Sunday, May 20, 2007

More cheers for higher-than-sky-high gasoline prices, but they really are now likely to decline

I absolutely love these sky-high gasoline prices. They really are a great incentive for consumers to switch away form traveling so much and driving such gas guzzlers and to encourage entrepreneurs to pursue alternative energy and transport innovations. Alas, these sky-high prices are not likely to last much longer. Three weeks ago I had expected an imminent decline, but obviously I was too early in that call. I really do expect them to start declining soon, maybe as soon as the Memorial Day weekend "wave" approaches or passes.

The thing that is crystal clear is that despite all the chatter about demand and refinery outages, the bulk of the price rise has the wild speculation in wholesale gasoline futures. It is always dicey to try to predict the precise top of any speculative bubble, but that's the way it is with speculative bubbles, like the one we are in for a wide range of commodities. Even as we get closer to the "top", the spikes can become even sharper.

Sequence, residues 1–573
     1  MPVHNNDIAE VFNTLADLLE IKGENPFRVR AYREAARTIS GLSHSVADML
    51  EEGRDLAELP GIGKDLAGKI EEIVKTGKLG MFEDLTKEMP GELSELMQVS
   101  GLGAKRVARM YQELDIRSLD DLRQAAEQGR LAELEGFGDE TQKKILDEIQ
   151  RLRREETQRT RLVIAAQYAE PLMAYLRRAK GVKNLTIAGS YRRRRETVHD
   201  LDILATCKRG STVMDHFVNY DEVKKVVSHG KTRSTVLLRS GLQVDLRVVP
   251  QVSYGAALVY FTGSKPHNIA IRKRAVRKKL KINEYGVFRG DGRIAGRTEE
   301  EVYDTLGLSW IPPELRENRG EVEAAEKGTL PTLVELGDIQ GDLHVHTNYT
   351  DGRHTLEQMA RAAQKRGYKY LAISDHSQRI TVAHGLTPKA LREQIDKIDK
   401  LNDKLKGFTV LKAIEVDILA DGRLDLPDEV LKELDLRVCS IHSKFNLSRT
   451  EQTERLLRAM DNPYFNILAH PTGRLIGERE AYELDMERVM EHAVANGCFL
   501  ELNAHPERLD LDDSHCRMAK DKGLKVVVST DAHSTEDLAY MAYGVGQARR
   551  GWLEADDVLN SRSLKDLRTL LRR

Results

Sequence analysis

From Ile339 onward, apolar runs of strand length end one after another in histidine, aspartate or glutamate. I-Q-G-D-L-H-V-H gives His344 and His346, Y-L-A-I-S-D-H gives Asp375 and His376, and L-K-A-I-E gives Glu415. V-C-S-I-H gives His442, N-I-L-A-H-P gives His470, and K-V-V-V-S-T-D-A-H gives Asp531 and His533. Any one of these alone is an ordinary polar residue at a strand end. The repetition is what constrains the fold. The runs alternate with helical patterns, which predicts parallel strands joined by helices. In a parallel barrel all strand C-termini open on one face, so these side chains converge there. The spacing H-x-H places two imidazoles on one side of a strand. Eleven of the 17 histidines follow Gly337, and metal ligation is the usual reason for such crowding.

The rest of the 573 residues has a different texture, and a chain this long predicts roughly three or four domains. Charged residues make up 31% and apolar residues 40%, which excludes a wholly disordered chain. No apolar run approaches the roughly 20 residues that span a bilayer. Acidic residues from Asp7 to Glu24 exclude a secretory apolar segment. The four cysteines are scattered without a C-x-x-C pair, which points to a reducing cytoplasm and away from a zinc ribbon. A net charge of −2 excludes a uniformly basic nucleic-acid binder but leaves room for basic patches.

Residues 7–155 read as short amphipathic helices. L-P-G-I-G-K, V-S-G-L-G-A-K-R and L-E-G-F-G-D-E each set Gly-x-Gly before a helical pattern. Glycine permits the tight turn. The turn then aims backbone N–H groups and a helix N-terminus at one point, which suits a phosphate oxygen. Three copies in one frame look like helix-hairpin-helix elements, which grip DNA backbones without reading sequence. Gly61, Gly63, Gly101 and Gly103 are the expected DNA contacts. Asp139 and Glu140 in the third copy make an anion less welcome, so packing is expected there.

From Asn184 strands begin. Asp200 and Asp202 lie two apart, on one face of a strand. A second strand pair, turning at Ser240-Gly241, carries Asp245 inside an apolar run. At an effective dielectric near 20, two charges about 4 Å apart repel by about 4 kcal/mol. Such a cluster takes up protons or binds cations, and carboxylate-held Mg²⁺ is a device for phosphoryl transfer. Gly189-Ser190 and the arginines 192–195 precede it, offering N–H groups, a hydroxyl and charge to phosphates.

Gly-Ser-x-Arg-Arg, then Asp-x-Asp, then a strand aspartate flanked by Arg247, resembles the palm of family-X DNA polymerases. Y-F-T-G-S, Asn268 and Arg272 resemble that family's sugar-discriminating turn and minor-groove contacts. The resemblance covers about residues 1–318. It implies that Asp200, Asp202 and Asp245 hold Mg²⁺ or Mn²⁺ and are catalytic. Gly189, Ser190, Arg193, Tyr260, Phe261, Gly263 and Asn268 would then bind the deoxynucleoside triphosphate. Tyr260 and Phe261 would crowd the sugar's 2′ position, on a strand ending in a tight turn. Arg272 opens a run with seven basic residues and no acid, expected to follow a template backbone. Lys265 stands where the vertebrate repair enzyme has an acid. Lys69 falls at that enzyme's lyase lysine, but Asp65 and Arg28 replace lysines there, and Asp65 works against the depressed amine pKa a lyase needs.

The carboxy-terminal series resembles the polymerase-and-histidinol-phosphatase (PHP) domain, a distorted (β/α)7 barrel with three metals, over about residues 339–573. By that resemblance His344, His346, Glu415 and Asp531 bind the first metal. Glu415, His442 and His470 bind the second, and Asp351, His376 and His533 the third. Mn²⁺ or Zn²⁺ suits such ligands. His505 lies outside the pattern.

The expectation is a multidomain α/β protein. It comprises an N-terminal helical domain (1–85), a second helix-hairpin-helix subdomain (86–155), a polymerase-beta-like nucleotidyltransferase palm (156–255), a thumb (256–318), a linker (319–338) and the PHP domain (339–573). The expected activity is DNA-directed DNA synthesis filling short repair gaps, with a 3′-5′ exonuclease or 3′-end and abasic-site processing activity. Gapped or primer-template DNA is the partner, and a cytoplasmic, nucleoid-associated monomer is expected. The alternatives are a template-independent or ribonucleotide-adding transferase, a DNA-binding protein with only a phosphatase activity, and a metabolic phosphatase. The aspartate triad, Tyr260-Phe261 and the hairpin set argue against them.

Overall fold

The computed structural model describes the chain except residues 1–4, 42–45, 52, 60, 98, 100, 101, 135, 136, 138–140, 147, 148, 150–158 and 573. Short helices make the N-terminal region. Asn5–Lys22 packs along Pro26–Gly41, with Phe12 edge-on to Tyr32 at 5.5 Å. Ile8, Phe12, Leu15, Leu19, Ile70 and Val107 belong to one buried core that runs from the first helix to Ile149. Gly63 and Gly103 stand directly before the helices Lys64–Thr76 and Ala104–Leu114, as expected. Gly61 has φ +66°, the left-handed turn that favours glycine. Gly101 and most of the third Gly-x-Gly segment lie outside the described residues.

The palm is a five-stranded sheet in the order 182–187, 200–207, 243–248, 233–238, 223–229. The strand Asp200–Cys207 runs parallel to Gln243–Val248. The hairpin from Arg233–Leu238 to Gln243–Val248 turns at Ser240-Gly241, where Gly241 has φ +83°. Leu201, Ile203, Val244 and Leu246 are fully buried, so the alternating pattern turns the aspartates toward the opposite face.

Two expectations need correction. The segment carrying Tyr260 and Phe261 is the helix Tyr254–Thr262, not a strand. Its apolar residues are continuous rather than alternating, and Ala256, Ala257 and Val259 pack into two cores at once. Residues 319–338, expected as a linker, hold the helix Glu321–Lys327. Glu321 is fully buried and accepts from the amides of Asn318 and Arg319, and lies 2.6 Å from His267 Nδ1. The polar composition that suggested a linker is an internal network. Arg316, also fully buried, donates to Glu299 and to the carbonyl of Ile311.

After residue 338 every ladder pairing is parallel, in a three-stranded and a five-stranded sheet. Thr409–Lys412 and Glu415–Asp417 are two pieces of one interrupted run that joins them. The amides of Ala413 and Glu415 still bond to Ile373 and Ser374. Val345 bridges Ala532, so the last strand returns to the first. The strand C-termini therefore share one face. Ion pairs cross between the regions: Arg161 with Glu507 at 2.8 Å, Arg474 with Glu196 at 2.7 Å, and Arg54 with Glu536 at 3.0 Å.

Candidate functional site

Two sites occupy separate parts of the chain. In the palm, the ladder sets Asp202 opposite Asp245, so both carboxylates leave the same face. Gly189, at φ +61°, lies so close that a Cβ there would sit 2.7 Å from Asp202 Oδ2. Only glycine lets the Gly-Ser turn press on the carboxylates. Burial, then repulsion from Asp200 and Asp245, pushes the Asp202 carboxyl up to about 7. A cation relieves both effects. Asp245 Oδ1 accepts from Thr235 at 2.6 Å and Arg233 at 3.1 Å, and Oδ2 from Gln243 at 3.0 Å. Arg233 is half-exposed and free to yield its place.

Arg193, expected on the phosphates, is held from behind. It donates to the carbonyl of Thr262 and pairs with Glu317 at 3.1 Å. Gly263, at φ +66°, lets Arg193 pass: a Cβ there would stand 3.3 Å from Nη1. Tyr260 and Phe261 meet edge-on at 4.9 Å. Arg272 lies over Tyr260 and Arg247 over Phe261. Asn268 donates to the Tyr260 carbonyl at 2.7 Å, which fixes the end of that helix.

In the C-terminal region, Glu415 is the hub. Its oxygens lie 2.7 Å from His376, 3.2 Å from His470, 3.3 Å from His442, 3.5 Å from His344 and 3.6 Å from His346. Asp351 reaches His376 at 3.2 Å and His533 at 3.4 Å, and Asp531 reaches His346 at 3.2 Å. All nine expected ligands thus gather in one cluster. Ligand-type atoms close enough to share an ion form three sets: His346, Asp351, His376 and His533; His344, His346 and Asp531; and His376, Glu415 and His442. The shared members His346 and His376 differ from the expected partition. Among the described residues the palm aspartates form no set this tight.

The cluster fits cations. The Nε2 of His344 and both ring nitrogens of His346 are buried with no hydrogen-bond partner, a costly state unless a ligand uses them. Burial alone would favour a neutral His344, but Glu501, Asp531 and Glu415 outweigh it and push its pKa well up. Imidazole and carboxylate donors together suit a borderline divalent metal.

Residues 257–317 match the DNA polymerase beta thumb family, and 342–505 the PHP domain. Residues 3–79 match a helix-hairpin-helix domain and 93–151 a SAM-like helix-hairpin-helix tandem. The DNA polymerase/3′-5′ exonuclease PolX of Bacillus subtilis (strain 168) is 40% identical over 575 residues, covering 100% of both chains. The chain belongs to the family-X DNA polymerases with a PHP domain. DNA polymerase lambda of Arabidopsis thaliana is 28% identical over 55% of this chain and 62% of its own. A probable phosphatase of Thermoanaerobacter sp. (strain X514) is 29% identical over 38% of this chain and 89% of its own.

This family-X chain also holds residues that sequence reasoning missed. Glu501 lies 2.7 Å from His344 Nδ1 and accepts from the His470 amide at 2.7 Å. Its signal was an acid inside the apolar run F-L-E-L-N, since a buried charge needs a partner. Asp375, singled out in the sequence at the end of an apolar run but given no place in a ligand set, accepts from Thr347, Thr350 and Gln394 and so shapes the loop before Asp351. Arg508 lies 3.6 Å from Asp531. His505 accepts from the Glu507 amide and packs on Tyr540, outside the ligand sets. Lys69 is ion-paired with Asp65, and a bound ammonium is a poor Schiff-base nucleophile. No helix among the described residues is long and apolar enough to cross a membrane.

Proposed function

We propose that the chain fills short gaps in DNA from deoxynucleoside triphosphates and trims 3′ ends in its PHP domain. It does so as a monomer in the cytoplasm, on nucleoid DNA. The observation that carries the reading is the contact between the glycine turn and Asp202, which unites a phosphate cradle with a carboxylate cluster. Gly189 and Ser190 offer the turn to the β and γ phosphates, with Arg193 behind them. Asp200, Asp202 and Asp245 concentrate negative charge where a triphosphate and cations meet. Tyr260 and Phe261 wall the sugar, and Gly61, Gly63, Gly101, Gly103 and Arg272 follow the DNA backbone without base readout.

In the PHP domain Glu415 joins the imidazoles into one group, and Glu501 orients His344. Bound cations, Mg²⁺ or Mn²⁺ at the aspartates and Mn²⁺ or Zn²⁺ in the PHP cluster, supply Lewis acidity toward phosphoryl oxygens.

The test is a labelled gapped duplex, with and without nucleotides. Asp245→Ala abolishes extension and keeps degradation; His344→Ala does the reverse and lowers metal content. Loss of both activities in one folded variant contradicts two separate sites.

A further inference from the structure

I will continue to remain a big fan of higher gasoline prices since they are a great economic signal to direct consumers to switch to more fuel-efficient transportation and to otherwise reduce their consumption of gasoline, as well as to incentivize development of alternative fuels.

That said, I strongly suspect that the recent run-up of gasoline prices has mostly run its course and we could see a decline over the next couple of months as speculators who had fueled the recent steep rise take profits and look for some other commodity price to manipulate.

Incidentally, here are the gasoline futures prices for the rest of the year as of the close on Friday:

  • June 2007: $2.4077
  • July 2007: $2.3112
  • August 2007: $2.2542
  • September 2007: $2.1862
  • October 2007: $2.0207
  • November 2007: $1.9412
  • December 2007: $1.9022

As you can see, even the speculators are speculating that prices will decline, with a 9.5-cent decline over the next month and a 50-cent decline by the end of the year. Be aware that these number are subject to radical and frequent change on a monthly, weekly, and even a daily basis.

-- Jack Krupansky


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